MultiReal
MultiReal, by David Louis Edelman
So congratulate science-fiction cult favorite David Louis Edelman -- he's the only author on the planet to win the CCLaP Guilty Pleasure Award two years in a row now, ironically enough for the first two books of the same complex sci-fi saga, two volumes I personally have just loved but are just so genreriffic that I simply cannot in good conscience recommend them to a general audience. The tale of an Earth thousands of years in the future, where the "ancient" concepts behind free-market tech-industry entrepreneurial capitalism have been rediscovered and are worshipped as "The New Classicism," the main point of enjoying this series is not for the sometimes clunky plot itself, rife sometimes with semi-hacky problems and "CyberThis," "CyberThat" -- it's instead for the massively complex fake history of an entire "Second Dark Age" that Edelman has planned out in preparation for this series, which prompted this daytime web developer to build an entire giant Lord-Of-The-Rings-style reference fansite for his own "Jump 255 Universe," including tens of thousands of words of background material not found in the novels themselves. Yes, I know, I AM A LEXICON-EMBRACING MORON; or in other words I'm a pretty typical SF fan, with this being a much higher-than-average project but only for those already hip to the expository cause.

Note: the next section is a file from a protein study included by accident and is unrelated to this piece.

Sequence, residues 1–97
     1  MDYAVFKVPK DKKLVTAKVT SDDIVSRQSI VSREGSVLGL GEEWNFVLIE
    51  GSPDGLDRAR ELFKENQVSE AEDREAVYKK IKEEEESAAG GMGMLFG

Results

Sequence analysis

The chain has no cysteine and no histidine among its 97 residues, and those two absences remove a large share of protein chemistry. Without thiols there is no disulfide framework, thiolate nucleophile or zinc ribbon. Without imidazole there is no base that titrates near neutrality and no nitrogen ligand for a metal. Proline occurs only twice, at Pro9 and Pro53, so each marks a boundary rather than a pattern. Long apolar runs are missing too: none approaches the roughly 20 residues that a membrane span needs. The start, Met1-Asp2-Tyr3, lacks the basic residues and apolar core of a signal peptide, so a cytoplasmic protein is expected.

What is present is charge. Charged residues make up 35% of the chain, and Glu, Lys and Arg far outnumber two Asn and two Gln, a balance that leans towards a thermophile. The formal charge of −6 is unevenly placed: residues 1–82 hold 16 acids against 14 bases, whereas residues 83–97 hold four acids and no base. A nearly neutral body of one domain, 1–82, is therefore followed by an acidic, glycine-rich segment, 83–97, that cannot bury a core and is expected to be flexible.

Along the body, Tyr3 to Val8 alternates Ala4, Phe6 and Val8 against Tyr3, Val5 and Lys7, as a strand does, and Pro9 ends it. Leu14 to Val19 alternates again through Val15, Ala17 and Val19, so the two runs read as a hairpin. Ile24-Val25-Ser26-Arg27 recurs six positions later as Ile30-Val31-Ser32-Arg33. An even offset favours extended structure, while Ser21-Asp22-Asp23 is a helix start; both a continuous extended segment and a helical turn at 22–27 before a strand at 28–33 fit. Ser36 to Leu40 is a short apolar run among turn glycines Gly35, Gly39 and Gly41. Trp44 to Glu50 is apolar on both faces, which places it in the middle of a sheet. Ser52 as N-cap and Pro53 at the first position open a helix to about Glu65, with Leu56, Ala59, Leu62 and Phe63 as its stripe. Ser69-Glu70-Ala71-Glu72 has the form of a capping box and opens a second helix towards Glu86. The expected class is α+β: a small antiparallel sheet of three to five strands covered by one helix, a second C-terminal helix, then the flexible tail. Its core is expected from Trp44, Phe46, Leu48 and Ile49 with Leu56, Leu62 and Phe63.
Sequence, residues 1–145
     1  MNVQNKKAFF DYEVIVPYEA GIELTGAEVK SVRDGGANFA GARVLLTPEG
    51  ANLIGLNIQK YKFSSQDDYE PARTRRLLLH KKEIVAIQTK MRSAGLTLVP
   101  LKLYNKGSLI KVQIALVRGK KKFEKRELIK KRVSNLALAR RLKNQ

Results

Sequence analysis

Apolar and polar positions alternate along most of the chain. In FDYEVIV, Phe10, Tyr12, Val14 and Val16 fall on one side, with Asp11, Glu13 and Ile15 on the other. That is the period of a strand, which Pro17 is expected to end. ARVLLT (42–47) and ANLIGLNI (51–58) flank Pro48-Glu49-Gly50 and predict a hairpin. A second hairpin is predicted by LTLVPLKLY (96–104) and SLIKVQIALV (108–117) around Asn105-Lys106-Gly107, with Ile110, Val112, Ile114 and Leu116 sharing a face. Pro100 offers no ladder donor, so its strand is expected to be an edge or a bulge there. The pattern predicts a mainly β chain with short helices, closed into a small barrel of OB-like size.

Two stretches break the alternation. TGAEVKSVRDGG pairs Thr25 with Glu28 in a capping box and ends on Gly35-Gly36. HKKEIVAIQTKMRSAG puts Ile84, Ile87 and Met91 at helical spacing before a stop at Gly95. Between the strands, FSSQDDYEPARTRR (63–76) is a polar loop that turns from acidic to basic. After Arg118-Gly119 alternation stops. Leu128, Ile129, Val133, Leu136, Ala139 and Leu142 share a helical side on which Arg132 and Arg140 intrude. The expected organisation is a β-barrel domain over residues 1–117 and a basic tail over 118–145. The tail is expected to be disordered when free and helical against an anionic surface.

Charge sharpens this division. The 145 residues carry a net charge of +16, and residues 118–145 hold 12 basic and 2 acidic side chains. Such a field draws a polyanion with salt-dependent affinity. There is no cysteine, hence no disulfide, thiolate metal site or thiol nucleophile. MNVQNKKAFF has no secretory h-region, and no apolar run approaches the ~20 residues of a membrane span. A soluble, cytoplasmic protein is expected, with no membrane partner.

The Somnabulist
The Somnabulist, by Jonathan Barnes
And speaking of being an unapologetic fan of geeky ultra-specific literary subgenres...steampunk! STEAMPUNK STEAMPUNK STEAMPUNK! And hey, the brass-and-mahogany sci-fi Victoriana finery didn't get much better in 2008 than with this volume, an almost impossibly inventive historical actioner that is seemingly teeming in yet another outrageous fantastical concept every ten pages, adding up and adding up and soon just becoming a towering impressive pile of pure Empire-powered ridiculousness. One of my guiltiest pleasures out of them all this year, this one isn't even that worth going into again in detail; you already know whether you will naturally love or hate this book, and I encourage you to either just check it out or not because of that. You freaking nerd.

Sunshine Estates: Rx for Rosedale
Sunshine Estates: Rx for Rosedale, by Lynn Shirey
The reason I call this particular title today a guilty pleasure is simply that I didn't expect to like it as much as I did; after all, it's essentially a gentle Lifetime-style "Murder She Wrote" type crime story, centered around a charming yet nosy former hippie who hasn't been adjusting well yet to her new retirement-village environment, the book itself adequately done but certainly nothing special. But sometimes I guess nothing in particular about a book has to be spectacular for it to eventually add up to a wonderful little read anyway; sometimes all you need is a merely well-done manuscript, exploring topics in an inventive, funny way you haven't personally thought much about before, giving you an honest and revealing look at a milieu of humanity you yourself spend little time usually contemplating. That's how I feel about this lovely little laid-back character-based thriller, a perfect choice for older readers and especially Nancy Grace fans.

Trip
Trip, by Mick MacO